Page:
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Good Without God 2: A Brief History of Goodness Without God


Page 43: The Epicureans

An interesting point to make here is that nowadays, living without God is often equated with shallow hedonism. After all, if there is no life after death, no supernatural values to hold, why not just eat, drink, and be merry? Of course this is a very ignorant view. I can be deeply in love with someone without God existing to tell me so. I can care about suffering, and decide to work with others to allay it, without God having to exist to tell me so. I can look at my kids and see the future in them, a better world, one of peace and harmony, without God existing. It seems pretty ridiculous to equate God to the deeper values in life.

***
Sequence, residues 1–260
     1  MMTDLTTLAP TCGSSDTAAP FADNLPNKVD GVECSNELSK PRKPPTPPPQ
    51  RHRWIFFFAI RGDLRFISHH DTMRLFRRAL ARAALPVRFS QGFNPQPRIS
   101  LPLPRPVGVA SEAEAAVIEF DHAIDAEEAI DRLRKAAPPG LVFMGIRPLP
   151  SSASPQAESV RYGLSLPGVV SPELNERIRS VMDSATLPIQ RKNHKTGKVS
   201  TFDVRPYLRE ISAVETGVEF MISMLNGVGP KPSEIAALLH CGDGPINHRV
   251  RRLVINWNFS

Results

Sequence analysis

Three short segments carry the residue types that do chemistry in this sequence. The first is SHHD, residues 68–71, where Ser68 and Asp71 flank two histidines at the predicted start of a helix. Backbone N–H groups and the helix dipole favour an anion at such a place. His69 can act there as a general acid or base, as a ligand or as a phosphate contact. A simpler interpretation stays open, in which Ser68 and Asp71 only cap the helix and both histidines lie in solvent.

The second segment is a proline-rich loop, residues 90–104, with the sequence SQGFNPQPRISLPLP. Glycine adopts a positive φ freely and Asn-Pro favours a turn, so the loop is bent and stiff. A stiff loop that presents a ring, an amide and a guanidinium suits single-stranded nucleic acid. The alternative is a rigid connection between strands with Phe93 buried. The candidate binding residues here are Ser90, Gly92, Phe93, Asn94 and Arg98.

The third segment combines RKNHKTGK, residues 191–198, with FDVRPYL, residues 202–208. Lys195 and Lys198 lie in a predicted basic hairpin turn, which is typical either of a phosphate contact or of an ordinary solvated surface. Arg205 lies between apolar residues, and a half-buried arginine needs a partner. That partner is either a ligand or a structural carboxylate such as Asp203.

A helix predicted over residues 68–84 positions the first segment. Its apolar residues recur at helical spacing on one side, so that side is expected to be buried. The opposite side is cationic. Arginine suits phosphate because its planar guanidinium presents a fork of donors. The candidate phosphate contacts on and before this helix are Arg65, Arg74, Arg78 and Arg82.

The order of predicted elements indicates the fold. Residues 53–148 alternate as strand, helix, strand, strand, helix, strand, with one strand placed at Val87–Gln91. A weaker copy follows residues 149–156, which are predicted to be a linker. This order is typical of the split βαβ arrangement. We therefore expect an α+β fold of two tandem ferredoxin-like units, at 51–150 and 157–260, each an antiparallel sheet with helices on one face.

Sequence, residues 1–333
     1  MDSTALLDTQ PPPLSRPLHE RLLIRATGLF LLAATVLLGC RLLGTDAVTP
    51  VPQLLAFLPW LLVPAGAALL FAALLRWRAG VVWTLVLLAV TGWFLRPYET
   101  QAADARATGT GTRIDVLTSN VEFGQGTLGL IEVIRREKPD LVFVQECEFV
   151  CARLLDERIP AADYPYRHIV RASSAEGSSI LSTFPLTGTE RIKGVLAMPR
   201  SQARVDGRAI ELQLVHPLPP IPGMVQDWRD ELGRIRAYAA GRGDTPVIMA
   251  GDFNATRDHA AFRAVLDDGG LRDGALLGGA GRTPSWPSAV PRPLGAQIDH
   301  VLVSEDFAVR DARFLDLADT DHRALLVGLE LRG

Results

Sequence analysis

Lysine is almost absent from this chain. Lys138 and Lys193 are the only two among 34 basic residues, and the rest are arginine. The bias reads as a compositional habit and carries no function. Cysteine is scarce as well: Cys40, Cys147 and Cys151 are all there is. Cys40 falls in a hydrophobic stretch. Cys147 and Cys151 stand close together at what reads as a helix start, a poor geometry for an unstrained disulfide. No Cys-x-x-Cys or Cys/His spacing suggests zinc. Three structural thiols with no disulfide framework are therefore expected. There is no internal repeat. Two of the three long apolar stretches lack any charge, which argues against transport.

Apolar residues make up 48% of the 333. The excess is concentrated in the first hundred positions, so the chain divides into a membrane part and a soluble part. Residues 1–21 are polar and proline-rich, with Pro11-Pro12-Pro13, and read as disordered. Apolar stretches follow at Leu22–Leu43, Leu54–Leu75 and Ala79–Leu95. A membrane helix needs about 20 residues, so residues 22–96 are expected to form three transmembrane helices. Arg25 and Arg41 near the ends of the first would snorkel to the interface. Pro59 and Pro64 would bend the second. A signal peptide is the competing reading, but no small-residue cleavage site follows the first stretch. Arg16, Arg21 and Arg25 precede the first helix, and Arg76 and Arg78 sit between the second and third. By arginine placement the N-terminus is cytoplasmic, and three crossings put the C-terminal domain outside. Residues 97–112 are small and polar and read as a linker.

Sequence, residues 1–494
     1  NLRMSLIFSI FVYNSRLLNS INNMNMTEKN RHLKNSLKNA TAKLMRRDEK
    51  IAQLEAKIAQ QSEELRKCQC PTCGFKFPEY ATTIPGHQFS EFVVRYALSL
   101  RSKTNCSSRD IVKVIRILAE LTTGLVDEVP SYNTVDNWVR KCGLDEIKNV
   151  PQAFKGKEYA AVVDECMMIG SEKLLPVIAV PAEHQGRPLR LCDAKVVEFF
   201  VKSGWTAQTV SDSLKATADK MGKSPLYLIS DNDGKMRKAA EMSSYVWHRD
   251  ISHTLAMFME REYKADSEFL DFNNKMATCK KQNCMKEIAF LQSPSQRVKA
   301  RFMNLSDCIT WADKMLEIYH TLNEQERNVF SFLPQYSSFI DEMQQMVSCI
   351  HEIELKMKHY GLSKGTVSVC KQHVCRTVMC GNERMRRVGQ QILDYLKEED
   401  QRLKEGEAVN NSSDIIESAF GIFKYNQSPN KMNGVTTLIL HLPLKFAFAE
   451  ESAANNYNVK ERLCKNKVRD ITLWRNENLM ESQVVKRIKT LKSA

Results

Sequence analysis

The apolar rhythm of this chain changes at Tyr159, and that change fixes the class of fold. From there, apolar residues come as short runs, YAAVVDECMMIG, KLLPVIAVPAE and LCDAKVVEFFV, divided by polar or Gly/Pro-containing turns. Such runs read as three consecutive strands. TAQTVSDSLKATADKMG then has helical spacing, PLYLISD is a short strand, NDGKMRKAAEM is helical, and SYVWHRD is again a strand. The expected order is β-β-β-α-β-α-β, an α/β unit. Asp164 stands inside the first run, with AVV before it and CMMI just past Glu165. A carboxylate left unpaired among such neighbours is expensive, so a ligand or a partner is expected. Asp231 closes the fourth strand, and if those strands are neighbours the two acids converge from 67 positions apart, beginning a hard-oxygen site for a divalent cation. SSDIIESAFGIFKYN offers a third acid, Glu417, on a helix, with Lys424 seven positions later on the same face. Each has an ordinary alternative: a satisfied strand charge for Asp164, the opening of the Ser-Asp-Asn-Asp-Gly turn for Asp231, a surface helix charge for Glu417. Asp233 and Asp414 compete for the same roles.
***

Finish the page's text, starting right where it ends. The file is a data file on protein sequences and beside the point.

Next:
Page 58: Epstein writes about suffrage vs. the Bible. I suppose this is one case to be made against “What’s the Harm?” Religion let’s people feel righteously justified in doing the wrong thing. Secularism demands that the reasons we provide for our actions not be immune from criticism, and each action is open for debate. If an idea is a good one, it should not be hard to demonstrate it as such. If it is a bad one, that should also be demonstrable. In religion though, we have unquestionable creeds. Things to be taken on faith. We believe. . .

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